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The number of storm and flood insurance claims in New Zealand has increased by 56% over the past three years and this has been accompanied by a significant spike in the cost of claims.
NZbrokers chief executive Jo Mason said New Zealand small and medium-sized enterprises (SMEs) needed to do more to prepare for adverse weather events, as the new industry figures showed the cost of insurance claims had increased by 70% in the three years.
Much of the country is bracing for a rough 48 hours as a storm with the intensity of an ex-tropical cyclone sweeps across the North Island and top of the South Island.
Civil Defence is on high alert as the top of the North Island prepares for a pummelling from ferocious winds, torrential rain and enormous waves.
Ms Mason said the Global Facility for Disaster Reduction and Recovery, partly funded by the World Bank, ranked New Zealand at a "high hazard" level for most flooding and cyclone events.
Reinsurers used area-specific data to calculate the risk profile of parts of New Zealand, which determined the cost of insurance premiums.
"While we were already rated as a high risk for seismic activity, now storm and flood losses in our market are on their radar, as well."
Data from the World Meteorological Organisation was projecting that weather disasters would continue unabated until the 2060s, she said.
Of particular concern for New Zealand was ocean temperatures being among the warmest on record as global sea levels continued to rise.
Despite evidence that emissions were now levelling out, the concentration of CO2 would remain in the atmosphere and had increased at a record pace over the past year.
"Due to the inertia of the climate system, scientists expect to see the number of weather-related disasters continue for the next four decades."
While there was still debate about the impact of climate change on inclement weather patterns, businesses needed to ensure they were prepared for those types of weather events, Ms Mason said.
The data showing the rapidly rising costs of claims should be enough for companies to review not only their current level of insurance cover but also how they would maintain business continuity.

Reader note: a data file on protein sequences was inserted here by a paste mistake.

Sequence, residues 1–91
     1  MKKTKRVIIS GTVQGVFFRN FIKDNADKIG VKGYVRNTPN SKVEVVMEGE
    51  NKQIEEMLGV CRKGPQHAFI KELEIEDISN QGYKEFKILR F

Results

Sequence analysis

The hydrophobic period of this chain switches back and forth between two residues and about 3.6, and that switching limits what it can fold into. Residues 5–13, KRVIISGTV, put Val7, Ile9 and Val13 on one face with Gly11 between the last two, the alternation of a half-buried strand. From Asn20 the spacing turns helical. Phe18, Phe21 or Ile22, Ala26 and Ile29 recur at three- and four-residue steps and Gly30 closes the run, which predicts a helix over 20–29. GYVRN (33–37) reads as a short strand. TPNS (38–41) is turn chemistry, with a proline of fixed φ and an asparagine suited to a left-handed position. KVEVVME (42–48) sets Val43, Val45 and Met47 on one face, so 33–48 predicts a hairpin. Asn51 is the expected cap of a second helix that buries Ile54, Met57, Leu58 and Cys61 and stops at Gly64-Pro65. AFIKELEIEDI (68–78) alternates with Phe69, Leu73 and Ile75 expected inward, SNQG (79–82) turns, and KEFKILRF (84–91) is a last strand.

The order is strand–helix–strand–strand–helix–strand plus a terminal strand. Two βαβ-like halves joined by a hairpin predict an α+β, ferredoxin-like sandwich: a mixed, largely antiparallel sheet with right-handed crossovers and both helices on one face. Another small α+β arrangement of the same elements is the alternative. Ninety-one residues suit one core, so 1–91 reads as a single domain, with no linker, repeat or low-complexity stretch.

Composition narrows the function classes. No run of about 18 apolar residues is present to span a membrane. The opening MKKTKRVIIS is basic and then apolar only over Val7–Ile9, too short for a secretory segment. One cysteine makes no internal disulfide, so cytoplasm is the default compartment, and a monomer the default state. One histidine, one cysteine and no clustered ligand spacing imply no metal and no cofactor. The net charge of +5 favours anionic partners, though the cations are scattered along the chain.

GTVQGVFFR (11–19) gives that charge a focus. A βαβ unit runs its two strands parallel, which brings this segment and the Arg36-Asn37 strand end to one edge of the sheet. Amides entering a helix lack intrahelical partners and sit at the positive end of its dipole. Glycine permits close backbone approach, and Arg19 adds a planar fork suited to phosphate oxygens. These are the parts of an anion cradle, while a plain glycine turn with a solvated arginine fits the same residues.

In the past 18 months, insurers had paid out more than $265million for 15 serious weather events in New Zealand, the largest being $91.4million for ex-cyclone Debbie, particularly in Edgecumbe.
The figures showed no particular region was affected more than others, she said.
"Weather events may cost less than a serious seismic event but the increasing frequency and geographic spread of events showed every business in New Zealand should be prepared."
New research showed insurance alone might not prevent a business from failing in the event of a disaster, Ms Mason said.
A recent study of the longer-term impact of the Christchurch earthquakes on local business found they were unable to recover when they ceased trading for months, even though there was no physical damage to their business.
Businesses that had planned to handle a disaster event would significantly improve their chances of a successful recovery, she said.
In the US, nearly a quarter of SMEs closed after a heavy storm but preparing a business continuity or resilience plan was not often given the priority it deserved.
The quieter summer period could be a good time for business owners to reflect on their business resilience plans, Ms Mason said.
There were online tools to build a plan and an insurance broker could help co-ordinate the insurance programme to meet a business’ individual needs.
In the US, a rare winter storm hit the southeast this week, bringing Florida’s capital its first snow in three decades, while New England braced for a "bombogenesis" blizzard.
The governors of Florida, Georgia, Virginia and North Carolina declared states of emergency, warning residents to expect icy roads and unseasonable freezing temperatures. In the northeast, work crews loaded trucks with road salt in advance of the storm.
Much of the eastern United States is in the grips of a sustained cold spell that has frozen parts of Niagara Falls on the American and Canadian sides, played havoc with public works, causing pipes to freeze and water mains to burst, and impeded firefighting in places where temperatures barely broke minus 7degC.
Forecasters warned snow would fall at a rate of several centimetres an hour, and the storm would be intensified by the "bombogenesis" effect. The "bombogenesis" effect, also known as a "bomb cyclone", occurs when barometric pressure drops by 24 millibars in 24 hours, greatly strengthening the storm.